Good Sources of Protein
You are made of protein
You may not know that you are made mostly of protein. If you take away the fat in your body and the water in your body, all that is left--your bones and muscles and tissues and hair and skin and fingernails and toenails and hormones and enzymes are mostly protein. When you think of it like that, you can see how important it is to include protein foods in your daily meal plans.
Generally, when protein in the diet is discussed, meat, eggs and dairy products are the main source mentioned. Another way of saying this is that most, but not all, of the protein in your meals comes from the main course.
Steak… Hamburger… Roast Beef… Pork chops… Ham… Bacon… Sausage… Hot dogs… Lamb chops… Chicken… Turkey… Duck… Capon… Fish… Shrimp… Lobster… Crab… Scallops… Venison… Omelets… Egg Salad…
Dairy products, such as milk, cheese and yogurt are also good sources of healthy eating protein.
In addition, there are some foods from plants that are good sources of protein. These are the legumes, grains, some vegetables, nuts and seeds.
Lentils… Split peas… Kidney beans… Pinto beans… Black beans… Soybeans… Garbanzo beans… Navy beans… Peanuts… Peanut Butter… Rice… Wheat…. Barley… Oats… Peas… Kale… Okra… Walnuts… Brazil Nuts… Almonds… Pumpkin Seeds… Sesame Seeds….
Most of the food you eat has some protein in them, but those foods listed above, are good sources of protein that will make it easier for you to fulfill your daily protein requirement.
Good Sources of Protein - Complete vs. Incomplete
If a food contains all of the essential amino acids are called “complete proteins.” These complete protein foods are generally animal foods. Plant foods do not, as a rule, have complete proteins, but by eating combinations of plant foods, called “complementary proteins, ” you can make a complete protein.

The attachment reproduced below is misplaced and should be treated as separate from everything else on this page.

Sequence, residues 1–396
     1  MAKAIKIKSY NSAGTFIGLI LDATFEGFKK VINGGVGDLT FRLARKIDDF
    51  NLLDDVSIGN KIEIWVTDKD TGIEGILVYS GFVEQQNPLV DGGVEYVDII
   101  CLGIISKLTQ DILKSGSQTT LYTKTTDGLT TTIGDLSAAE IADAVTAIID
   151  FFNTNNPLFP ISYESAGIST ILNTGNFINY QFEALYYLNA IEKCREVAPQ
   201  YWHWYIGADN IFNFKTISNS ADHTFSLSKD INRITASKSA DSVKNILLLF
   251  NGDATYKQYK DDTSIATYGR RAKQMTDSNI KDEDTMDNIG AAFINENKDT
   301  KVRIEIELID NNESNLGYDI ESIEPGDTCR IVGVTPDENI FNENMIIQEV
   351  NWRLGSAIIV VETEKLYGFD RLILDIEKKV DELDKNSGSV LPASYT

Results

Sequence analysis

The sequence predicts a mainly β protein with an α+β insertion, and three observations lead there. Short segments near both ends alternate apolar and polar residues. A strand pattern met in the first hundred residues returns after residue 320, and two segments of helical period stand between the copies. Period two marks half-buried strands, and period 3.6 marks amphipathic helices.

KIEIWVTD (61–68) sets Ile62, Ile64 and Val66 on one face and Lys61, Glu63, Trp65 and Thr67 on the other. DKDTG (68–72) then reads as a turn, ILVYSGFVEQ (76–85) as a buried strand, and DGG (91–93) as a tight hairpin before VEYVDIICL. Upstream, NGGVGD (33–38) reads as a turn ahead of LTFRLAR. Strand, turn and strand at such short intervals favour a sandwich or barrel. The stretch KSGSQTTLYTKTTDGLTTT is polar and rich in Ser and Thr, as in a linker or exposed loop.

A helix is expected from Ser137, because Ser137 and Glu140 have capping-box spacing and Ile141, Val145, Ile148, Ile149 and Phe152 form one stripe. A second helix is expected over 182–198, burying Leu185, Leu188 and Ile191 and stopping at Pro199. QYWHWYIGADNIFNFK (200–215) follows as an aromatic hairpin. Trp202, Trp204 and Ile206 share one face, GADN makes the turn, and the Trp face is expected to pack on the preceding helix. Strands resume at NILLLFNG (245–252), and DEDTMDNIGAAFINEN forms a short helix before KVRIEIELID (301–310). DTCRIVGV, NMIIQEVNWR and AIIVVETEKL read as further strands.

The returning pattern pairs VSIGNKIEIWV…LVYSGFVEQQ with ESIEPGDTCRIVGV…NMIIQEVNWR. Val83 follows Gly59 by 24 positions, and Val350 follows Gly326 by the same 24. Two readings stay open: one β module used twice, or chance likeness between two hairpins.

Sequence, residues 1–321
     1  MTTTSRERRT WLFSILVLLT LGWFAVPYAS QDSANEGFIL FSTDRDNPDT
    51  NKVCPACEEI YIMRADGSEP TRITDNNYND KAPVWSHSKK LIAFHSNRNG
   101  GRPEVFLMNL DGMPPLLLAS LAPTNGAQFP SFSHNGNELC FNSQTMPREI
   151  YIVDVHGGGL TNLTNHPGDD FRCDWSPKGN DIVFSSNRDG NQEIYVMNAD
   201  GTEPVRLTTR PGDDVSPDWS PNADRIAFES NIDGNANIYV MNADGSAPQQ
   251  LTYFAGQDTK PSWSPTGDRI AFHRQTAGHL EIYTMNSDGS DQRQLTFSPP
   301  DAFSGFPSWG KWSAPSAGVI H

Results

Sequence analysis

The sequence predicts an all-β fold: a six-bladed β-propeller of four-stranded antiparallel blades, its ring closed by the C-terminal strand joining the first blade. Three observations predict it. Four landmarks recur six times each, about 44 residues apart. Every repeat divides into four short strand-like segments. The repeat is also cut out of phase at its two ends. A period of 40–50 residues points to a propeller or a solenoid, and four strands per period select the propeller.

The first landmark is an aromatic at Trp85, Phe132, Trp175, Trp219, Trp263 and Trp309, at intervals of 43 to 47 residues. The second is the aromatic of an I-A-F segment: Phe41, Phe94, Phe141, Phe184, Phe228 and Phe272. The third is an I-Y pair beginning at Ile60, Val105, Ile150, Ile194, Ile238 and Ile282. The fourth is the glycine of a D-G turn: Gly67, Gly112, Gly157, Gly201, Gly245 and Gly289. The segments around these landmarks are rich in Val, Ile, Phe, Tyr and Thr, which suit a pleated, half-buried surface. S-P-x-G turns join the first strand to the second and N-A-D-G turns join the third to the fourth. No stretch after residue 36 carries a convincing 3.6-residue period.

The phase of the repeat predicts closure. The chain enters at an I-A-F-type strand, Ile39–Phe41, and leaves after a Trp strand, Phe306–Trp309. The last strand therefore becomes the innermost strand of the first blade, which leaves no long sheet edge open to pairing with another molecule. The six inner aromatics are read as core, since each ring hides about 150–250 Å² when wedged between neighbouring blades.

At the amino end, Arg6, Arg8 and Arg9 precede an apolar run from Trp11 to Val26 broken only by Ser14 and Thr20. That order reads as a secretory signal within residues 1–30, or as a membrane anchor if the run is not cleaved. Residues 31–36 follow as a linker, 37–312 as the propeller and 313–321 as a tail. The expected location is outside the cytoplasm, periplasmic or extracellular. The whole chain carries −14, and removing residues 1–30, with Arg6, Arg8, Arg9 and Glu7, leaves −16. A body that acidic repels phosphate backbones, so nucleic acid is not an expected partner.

For example, when you eat pinto beans with rice, such as is often found in Mexican cuisine, you are obtaining a complete protein. The beans and rice complement each other, in that each has some of the essential amino acids and when eaten together, they provide all of the essential amino acids. It is generally accepted that it's not necessary to eat these complementary proteins at the same meal.
Here is a list of complementary proteins that when eaten together become complete.
Legumes... with Nuts
Legumes... with Grains
Legumes... with Seeds
Legumes... with Dairy
Grains... with Dairy
Nuts/Seeds... with Dairy
Nuts/Seeds... with Legumes
Dairy... with Nuts/Seeds and Legumes
What is a serving of protein?
If you don't have a meat scale, the usual guideline for visualizing meat servings is that the portion should be the size of a standard deck of playing cards. (Just imagine how many actual servings are represented by that large prime rib served at your favorite restaurant!)
For meatless protein sources, a serving, which is 1 large egg, ½ cup cooked beans or rice, or 2 Tablespoons of seeds, nuts or peanut butter, is equivalent to only about 1/3 of the protein in a serving of meat. Tofu can also be included in this group with a serving size of about 4oz.
In addition, most healthy eating experts recommend that, whenever possible, choose a leaner or low-fat version of the significant protein sources.
What if you don’t get enough?
If there is not enough protein in your diet, it will have a noticeable effect on your health, from making you susceptible to infections to actually causing you to waste away.
Severe protein deficiency is generally associated with starvation and malnutrition and is a major cause for concern in developing nations, especially among children.
In developed countries, protein deficiency is mostly associated with people in extreme poverty or those suffering with eating disorders, such as anorexia nervosa. Severe protein deficiency can lead to death.